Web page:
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Red Sox notebook

Mechanics have Scutaro driving it

By Peter Abraham
Globe Staff / February 24, 2010

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FORT MYERS, Fla. - Red Sox catcher Jason Varitek maintains three-ring binders on every other team in baseball, with detailed notes on how best to pitch opposing hitters.

Facing Marco Scutaro, he said, has become more difficult in the last two seasons.

“He made adjustments. He simplified his swing, and that allows him to cover more area of the plate,’’ Varitek said. “He got better as a hitter. From my perspective, there was a change in his mechanics and his approach and it paid off for him.

“He made those changes just as he became an every-day player and it worked for him.’’

The statistics bear that out. Scutaro had a .320 on-base percentage in his first six seasons in the majors, playing part-time for the Mets and Athletics. But when he was made a starter by the Blue Jays in 2008, it rose to .362 over the two seasons that followed.

Scutaro’s simplified swing improved his contact percentage (per the statistics at Fangraphs.com) and last season he had his career best on-base percentage (.379) and slugging percentage (.409).

Now Scutaro is the new shortstop of the Red Sox, having agreed to a two-year, $12.5 million deal in November. He spent his first day in uniform yesterday, happily knowing this is one time he doesn’t have to win a job.

“It’s totally different,’’ said Scutaro, who hopes to be the player to halt what has been the team’s revolving door at shortstop. “You can work on whatever you need to work on and not worry about making the team.’’

The Sox targeted Scutaro early in the free agent process and increased their offer when Oakland made a bid. After using Scutaro as a reserve from 2004-07, the Athletics also believed the 34-year-old had earned the right to play every day.

“Sometimes things work out that way. They offered me a contract, too, but I just wanted to come here because we had a chance to win,’’ Scutaro said. “That’s what it’s all about. As a player, you want to win. That’s why you prepare the whole year.’’

Scutaro played with plantar fasciitis in his right foot over the final two months of the season but healed over the winter.

“I’m fine now,’’ he said. “No problems.’’

Scutaro hit first in all 144 games he played for the Blue Jays last season. But with Jacoby Ellsbury the likely leadoff hitter, he could hit at the bottom of the order for the Sox.

“He has the ability to hit at the top or the bottom, depending on what we’re doing, who’s healthy and how guys are playing,’’ manager Terry Francona said.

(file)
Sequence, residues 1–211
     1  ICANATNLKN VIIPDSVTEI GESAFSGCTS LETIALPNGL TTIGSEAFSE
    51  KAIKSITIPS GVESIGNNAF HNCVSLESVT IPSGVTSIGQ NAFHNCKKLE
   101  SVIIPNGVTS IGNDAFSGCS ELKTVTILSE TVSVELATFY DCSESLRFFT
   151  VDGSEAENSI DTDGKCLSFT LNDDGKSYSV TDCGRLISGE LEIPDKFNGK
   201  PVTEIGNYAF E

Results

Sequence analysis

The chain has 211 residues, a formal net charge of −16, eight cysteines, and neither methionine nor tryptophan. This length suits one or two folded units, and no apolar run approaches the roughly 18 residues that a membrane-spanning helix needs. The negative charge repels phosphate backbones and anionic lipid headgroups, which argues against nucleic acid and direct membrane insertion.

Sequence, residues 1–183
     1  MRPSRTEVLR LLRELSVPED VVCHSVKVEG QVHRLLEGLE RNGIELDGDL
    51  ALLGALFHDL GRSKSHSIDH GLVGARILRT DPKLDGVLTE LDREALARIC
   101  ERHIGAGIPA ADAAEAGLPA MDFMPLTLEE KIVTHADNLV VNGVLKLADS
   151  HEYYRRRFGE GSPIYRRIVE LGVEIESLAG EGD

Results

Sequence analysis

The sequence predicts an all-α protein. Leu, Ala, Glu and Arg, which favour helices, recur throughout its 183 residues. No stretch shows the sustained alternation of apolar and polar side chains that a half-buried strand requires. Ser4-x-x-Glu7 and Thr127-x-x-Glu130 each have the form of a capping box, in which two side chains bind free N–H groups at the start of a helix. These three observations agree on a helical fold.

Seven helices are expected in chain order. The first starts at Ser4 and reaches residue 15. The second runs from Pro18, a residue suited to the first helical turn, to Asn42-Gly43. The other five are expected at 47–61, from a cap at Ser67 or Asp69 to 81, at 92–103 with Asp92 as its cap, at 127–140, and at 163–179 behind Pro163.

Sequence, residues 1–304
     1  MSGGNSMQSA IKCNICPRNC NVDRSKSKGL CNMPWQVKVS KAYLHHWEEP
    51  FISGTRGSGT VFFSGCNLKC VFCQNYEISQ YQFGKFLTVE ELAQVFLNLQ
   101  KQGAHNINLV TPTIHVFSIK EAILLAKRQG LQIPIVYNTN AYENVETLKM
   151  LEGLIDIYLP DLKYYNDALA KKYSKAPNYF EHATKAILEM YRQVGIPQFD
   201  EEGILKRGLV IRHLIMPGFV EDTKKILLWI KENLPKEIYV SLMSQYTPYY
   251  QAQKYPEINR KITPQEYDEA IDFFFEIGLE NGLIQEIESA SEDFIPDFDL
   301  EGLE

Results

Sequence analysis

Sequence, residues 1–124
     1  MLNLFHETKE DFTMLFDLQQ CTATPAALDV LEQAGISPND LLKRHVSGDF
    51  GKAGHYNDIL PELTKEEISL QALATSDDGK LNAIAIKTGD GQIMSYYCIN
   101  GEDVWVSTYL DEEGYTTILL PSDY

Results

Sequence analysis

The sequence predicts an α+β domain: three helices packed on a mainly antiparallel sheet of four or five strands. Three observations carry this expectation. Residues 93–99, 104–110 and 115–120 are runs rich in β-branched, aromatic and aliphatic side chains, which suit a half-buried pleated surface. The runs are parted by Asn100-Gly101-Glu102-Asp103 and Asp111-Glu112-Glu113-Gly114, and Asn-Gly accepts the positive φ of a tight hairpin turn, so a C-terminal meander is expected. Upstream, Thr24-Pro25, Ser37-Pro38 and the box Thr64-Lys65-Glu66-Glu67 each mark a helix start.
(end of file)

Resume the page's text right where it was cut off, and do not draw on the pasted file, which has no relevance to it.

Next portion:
Said Scutaro: “I don’t care. Wherever they need me.’’

Get set, go
The position players went through the annual conditioning tests, which consists mainly of running. There were the usual grumbles and boasts as the participants trudged back to the clubhouse.

“They didn’t announce my time because they didn’t want to embarrass everybody else,’’ Dustin Pedroia said.

David Ortiz successfully completed the sprints, which impressed Francona.

“He did it,’’ the manager said. “I don’t know how many players of that I guess maybe you can use the word stature . . . but that’s a lot of body to move twice 300 yards. He did it and I know his teammates probably really appreciate it.

“It means something. It’s not the end-all, it doesn’t mean he’s going to hit home runs; it doesn’t mean he’s not. But it’s part of being a team going in one direction and that’s important.’’

Reliever Hideki Okajima, who skipped the test last week because of sore legs, completed it yesterday.

On his side
As he addressed losing his position and the likelihood of being traded, third baseman Mike Lowell said he appreciated the support he has received from fans.

“I don’t want to discount the fact that I feel like I’ve had tremendous support,’’ he said. “I think the fans appreciate the way I played the last four years in Boston. I think they appreciate someone who comes to play every day.

“[It’s] very flattering when the fans feel like there’s an injustice being put on you. That’s a good feeling when you have the fans on your side.’’

Bad back report
Jonathan Papelbon threw as scheduled in the bullpen. But he was feeling the effects of a poor night of sleep earlier in the week.

“He had that bed-back. He was stiff [Monday],’’ Francona said. “He was able to throw his side, but we cut him back a little bit on some of the other [drills]. He’s feeling pretty good.’’

Daisuke Matsuzaka threw for the second straight day as he continued to return from a back issue. He played catch for 20 minutes and reported no discomfort.

The righthander will get either today or tomorrow off and soon start throwing from longer distances to rebuild strength in his arm.

They rank
Four Red Sox players were on Baseball America’s list of the top 100 prospects in baseball. Outfielder Ryan Westmoreland came in at No. 21, followed by righthander Casey Kelly (27), outfielder Josh Reddick (75), and first baseman Lars Anderson (87). The top prospect is Braves outfielder Jason Heyward. Lefthander Nick Hagadone, one of the players sent to Cleveland to obtain Victor Martinez last summer, was No. 44 . . . The Sox will have a team meeting at 9 this morning in advance of the first full-squad workout. Among those expected to address the team is owner John Henry.

Peter Abraham can be reached at pabraham@globe.com. Follow him on Twitter @peteabe.

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